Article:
The next characteristic is that conflicting objectives need to be avoided in a supply chain. There are various parties in a supply chain however, only the need of the organization needs to be fulfilled on urgent priority basis.
The next role of supply chain management and logistic in a business is to balance the cost and service tradeoff. If the service has to be improved then the cost of the good goes up and vice versa. Prioritization of Key Performance Indicators is extremely important to maintain the required balance. Another important characteristic is to foster long-term relationship in the organization (Fawcett et al.2013).
Organizations with complex suppliers often make use of a portfolio matrix to prioritize their building of relationships. The next section describes how the supply chain must be assessed in order to benefit the business.
Assessment of Supply chain helps in identifying gaps that may exist in the business processes and can be solved with the help of a solution. In order to assess a supply chain the following four points need to be considered. The first point is the coordination level between various operations that can range from forecasting to manufacturing for order completion as well as affectivity of the supply chain operations. Collaboration is a crucial part of an effective chain process (Seuring 2013). When there exist certain loops, the process resulting from cross-functional teams then that causes excess stock or waste that could increase costs. For example, a break in the communication between the sales and the demand teams can cause excess or shortage of inventory resulting in high inventory costs or unsatisfied customers. Creating an efficient system would help in an efficient supply chain.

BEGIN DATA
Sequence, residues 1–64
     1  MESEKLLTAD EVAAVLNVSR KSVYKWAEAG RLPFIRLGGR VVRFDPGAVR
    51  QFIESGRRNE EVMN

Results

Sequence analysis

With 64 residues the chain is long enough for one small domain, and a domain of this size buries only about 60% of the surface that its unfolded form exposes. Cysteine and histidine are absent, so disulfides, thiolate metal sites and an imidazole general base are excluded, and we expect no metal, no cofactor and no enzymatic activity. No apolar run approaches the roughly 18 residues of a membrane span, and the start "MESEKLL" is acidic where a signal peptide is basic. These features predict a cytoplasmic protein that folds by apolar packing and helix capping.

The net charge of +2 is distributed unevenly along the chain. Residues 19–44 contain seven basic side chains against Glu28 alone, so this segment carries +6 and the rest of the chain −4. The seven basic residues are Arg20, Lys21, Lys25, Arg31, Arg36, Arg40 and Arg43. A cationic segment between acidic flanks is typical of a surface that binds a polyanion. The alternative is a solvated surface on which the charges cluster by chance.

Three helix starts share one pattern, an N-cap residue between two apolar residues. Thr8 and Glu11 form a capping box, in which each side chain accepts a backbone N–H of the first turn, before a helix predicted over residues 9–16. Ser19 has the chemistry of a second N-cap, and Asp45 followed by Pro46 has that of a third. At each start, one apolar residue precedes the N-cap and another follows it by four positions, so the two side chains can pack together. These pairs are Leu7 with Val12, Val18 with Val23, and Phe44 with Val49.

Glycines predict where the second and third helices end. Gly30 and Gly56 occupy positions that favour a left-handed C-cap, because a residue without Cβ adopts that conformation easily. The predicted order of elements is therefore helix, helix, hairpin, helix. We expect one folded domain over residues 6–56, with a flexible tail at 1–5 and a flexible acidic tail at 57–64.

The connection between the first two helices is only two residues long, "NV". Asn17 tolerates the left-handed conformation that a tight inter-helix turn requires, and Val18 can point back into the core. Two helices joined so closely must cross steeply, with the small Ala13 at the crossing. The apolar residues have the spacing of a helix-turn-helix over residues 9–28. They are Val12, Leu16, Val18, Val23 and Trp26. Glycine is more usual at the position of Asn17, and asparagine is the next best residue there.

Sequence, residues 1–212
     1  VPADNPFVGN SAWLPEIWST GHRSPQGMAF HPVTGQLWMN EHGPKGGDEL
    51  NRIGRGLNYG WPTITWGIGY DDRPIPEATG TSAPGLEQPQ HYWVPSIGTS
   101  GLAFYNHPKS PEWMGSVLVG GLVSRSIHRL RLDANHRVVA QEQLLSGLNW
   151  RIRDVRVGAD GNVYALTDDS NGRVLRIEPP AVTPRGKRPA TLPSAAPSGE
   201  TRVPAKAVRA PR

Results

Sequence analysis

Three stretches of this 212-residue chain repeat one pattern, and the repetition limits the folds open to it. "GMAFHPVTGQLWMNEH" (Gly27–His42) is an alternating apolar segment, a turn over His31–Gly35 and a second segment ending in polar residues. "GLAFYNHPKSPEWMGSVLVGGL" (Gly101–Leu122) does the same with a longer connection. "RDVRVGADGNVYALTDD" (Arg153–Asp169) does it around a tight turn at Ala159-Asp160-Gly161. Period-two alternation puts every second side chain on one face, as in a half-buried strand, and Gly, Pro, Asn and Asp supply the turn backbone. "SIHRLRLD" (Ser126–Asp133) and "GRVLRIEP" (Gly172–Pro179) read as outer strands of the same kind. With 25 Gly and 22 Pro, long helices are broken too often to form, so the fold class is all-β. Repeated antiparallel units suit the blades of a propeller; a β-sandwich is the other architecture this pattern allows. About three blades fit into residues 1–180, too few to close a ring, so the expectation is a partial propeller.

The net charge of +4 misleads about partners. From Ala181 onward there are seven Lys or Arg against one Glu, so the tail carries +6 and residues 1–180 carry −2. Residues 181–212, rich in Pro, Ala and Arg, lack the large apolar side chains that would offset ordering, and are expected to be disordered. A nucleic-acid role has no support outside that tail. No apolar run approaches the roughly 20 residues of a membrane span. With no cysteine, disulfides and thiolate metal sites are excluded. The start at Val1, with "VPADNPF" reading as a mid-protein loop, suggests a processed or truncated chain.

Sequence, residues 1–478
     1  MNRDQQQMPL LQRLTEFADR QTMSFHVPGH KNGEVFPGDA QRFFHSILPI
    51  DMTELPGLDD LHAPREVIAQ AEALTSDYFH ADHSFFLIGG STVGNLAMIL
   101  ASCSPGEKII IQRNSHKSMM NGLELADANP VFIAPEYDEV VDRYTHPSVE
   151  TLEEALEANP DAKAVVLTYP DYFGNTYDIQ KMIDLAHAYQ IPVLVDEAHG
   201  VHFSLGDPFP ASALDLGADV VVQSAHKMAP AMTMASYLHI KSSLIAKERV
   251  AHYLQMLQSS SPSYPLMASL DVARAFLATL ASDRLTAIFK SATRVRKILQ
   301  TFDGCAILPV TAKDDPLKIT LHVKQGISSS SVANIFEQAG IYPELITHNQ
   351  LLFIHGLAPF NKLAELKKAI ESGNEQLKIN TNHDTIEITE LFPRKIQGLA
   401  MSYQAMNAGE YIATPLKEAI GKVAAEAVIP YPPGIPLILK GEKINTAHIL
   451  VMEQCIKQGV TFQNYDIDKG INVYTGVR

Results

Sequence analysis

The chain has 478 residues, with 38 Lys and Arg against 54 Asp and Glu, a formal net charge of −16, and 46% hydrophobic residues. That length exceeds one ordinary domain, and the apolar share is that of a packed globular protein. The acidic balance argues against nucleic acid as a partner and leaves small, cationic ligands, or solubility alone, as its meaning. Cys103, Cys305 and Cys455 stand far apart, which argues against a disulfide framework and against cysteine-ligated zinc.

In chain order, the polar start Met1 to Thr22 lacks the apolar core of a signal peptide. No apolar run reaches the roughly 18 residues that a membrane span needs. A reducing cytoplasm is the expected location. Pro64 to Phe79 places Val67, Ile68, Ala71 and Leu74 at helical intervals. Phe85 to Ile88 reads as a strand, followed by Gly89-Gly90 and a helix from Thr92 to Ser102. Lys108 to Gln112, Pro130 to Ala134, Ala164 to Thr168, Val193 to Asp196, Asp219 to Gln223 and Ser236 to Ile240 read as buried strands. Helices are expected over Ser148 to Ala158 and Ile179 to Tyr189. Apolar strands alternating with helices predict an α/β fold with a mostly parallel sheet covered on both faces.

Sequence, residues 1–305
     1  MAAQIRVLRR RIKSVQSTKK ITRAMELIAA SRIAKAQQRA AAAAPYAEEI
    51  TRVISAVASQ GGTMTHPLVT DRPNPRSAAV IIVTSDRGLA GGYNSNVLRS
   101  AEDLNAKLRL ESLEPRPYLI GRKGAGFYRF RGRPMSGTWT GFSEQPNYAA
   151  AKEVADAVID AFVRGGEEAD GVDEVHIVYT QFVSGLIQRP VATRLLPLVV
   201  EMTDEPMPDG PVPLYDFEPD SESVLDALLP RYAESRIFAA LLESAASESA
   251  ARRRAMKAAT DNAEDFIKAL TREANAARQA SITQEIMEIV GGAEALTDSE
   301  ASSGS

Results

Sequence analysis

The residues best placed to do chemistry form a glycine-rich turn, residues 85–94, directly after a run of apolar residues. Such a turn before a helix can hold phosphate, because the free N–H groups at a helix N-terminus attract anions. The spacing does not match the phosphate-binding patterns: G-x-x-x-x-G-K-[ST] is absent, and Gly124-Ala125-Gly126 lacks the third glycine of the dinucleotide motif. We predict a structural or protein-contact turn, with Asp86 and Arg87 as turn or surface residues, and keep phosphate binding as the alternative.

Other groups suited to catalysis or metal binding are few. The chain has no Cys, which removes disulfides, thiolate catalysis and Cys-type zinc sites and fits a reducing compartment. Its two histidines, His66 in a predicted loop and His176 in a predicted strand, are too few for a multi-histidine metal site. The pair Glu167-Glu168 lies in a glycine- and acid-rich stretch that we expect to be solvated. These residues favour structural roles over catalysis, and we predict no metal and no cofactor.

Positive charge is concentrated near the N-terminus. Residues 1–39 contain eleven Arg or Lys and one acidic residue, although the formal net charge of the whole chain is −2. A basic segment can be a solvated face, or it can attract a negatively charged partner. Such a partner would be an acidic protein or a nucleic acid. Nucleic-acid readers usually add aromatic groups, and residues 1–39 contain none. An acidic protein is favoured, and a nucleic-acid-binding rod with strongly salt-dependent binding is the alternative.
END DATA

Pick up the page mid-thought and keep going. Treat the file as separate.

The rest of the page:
Secondly, a comparison of the current operations with the best operations has to be considered to determine the areas of improvement. This method is useful as it makes use of industry benchmarks and finds the areas for improvement (Ross 2013).
Thirdly, an assessment of the information technology system that is being used currently is also important to identify the prevailing gaps and working towards their improvement.
Lastly, the organizational needs and business process changes need to be built in a way that they support best in class operations. To sum up the assessment of a supply chain network is to document all the changes and needs in order to support the best practices. Analysis on the current trend needs to be made along with past so that a well detailed plan as to how to improve the supply chain operations can be figured out. In the next section, the concept of strategic supply chain will be discussed using the company Coca Cola as an example.
Coca Cola is a multinational company with operations all around the world. Coca cola`s chain of supply plays a great role ensuring that all their processes are carried on properly and tends to minimize the environmental impact of their activities and ensure that there exists sustainability in the value chain (Ahi and Searcy 2013).